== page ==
Game Description: John Madden is back and, again, he's brought the entire NFL with him into your PlayStation with Madden NFL 2001. The game includes the updated rosters you'd expect, but new this season is the addition of coaches on the sidelines to give you specialized advice. They also often "encourage" the players and shout "helpful advice" out to the referees. Finer details for this version include wristbands, visors, facemasks, and turf tape—specific to what each player favors in the real NFL. Collisions now factor the weight and height of players, making for more realistic hits. EA has even gone to the trouble of replicating some of the touchdown celebration dances and taunts of real players.
By Dale Weir on October 12, 2000 - 11:00pm.
After playing Madden 2001, I am in agreement with Ben on almost all of his points. Naturally, the Nintendo 64 Madden leads in graphics, but its high-res graphics are simply too choppy to go unnoticed. The PlayStation version on the other hand, lacks any sort of graphical punch at all, but plays more smoothly.
By Dale Weir on September 13, 2000 - 5:32pm.
According to ESRB
, this game contains: Animated Violence
By Dale Weir on September 13, 2000 - 5:28pm.
Like any red-blooded, American boy, I was drawn to the superheroes that filled the pages of Marvel Comics and DC Comics. While I was a follower of the likes of Batman, Superman and even Wonder Woman, I would say that Spider-Man was my hands-down favorite. I made it a point of getting up at 5 a.m. every morning to catch the latest adventures of Spider-Man on TV. I was pretty much obsessed with anything Spider-Man related. I had a Spider-Man lunchbox, notebook, pencils, action-figures and coloring book. I even followed his adventures in the newspaper comics. As I grew up, I slowly put away my Spider-Man obsession only to engage in it again—albeit fleetingly—years later with the launch of the, then new, Todd McFarlane Spider-Man series. Looking back, I always though it strange that I never played any of the Spider-Man videogames with much interest. After playing Activision's Spider-Man, I can only surmise it was because those games were nothing but one-dimensional fluff; because this game is the one Spider-Man game I've played that got it right.
By Chi Kong Lui on September 12, 2000 - 11:00pm.
In his opening paragraph, Dale said that this is the Spider-Man game that "got it right." While I don't doubt this is probably the best Spider-Man videogame ever made (though the old Atari 2600 one was pretty awesome for its time), I still think the developers missed the mark ever so slightly.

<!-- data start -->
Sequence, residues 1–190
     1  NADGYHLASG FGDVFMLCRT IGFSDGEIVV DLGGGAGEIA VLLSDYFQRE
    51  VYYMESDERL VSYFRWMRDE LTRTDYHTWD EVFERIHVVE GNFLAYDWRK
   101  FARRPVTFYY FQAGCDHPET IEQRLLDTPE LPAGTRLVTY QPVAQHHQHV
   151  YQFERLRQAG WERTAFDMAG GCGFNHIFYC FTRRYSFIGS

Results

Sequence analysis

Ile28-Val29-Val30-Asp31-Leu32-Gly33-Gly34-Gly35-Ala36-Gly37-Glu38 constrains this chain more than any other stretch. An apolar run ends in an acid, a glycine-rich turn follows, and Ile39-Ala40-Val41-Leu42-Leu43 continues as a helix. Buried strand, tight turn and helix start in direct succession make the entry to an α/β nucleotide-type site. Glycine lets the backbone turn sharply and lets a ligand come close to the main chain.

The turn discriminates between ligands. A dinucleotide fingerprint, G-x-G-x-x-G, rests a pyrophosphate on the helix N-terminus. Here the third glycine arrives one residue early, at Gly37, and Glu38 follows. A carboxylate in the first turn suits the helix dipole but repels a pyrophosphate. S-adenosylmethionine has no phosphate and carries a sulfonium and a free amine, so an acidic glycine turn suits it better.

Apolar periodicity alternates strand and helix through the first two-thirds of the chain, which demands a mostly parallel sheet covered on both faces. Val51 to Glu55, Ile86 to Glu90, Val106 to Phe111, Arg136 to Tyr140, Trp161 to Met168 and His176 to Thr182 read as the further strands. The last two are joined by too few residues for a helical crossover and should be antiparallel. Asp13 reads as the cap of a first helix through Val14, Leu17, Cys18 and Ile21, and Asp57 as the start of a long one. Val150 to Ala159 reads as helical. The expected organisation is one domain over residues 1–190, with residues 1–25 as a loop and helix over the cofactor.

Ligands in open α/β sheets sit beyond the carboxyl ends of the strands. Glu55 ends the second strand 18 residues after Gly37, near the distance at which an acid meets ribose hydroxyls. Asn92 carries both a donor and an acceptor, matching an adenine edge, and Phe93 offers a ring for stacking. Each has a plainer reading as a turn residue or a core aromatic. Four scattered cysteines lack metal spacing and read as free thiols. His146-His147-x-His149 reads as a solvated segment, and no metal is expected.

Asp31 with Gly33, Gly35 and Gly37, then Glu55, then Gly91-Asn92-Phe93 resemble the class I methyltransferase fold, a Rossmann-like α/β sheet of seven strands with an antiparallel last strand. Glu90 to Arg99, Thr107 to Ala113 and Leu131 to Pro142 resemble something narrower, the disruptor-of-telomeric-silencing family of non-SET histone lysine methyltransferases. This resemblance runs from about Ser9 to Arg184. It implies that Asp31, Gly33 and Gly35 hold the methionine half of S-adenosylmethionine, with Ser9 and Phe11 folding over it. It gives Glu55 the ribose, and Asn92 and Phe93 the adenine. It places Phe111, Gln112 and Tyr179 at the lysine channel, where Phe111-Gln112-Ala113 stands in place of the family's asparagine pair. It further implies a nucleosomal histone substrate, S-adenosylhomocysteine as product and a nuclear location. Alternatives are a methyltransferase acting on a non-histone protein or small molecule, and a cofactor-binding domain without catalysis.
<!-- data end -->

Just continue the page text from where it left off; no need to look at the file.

Game Description: Take a look overhead—Spider-Man is arriving to the PlayStation just in time. As the beloved photojournalist-cum-webslinger, you'll freely explore New York's skyline, sewers, and hideouts to fulfill several missions. Use Spider-Man's superhuman strength to fight such notorious foes as Scorpion, Venom, and Rhino. Use his spider abilities to spin webs (any size) to disable and detain bosses, swing around buildings, and creep along walls and ceilings. And thanks to your spider-sense, you'll detect impending danger from a distance. There is no wealth or fame at the end of this game, however; action is your reward.
By Guest Critic on August 3, 2000 - 11:00pm.
To resolve this, Nintendo and HAL, a second party of Nintendo, created a game featuring a slow-moving character that was little more than a circle with feet and put him in a sidescroller, similar to Super Mario Bros. The result was Kirby's Dream Land.
Game Description: Kirby, that cute mushy star of other Game Boy, NES, and Super NES games, has arrived on the N64 in this nearly 3D game. For those of you who don't know Kirby, think of him as an adorable action hero with an eating disorder—in battle, he often swallows his enemies whole and then spits out everything except their powers. Absorbing the attack style of a rock enemy, for example, allows Kirby to later apply a rock shield in his defense.
By Dale Weir on August 3, 2000 - 11:00pm.
This is the game that managed to outsell all competing PlayStation 2 software for two straight months in Japan? I asked myself this question practically every second I played this game. I must confess that I am not at all a Kirby fan, but that isn't why I was so perplexed as to why this game was made. I do agree with Scott on all of his points, but I have to say something on two aspects to the game.
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